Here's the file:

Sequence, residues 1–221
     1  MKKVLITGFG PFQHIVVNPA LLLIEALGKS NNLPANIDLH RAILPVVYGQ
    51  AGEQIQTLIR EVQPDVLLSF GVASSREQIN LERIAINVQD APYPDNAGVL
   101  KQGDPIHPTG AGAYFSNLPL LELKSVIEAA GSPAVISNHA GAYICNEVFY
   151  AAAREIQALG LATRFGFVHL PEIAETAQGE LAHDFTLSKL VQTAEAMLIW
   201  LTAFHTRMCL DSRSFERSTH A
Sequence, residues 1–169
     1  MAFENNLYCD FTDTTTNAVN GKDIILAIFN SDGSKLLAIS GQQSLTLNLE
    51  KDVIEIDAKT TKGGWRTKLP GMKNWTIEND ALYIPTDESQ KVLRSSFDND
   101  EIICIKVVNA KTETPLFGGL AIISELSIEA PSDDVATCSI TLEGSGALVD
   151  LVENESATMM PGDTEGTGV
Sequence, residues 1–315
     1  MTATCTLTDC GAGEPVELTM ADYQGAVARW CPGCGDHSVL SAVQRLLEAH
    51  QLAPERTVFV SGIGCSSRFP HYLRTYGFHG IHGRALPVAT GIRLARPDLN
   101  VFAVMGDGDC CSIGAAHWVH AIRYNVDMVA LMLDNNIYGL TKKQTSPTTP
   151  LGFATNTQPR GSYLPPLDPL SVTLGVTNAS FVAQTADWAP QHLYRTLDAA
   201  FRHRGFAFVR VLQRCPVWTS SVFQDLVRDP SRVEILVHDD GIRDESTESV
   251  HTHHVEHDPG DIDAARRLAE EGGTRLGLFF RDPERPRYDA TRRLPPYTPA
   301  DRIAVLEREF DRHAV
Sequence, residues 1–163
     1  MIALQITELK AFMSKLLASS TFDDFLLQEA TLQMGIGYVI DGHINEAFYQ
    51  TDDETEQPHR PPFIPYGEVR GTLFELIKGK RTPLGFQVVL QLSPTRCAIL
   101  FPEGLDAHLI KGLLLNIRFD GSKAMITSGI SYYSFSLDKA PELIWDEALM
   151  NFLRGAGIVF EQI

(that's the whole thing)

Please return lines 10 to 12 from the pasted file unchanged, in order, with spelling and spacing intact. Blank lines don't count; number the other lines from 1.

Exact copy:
   101  EIICIKVVNA KTETPLFGGL AIISELSIEA PSDDVATCSI TLEGSGALVD
   151  LVENESATMM PGDTEGTGV
Sequence, residues 1–315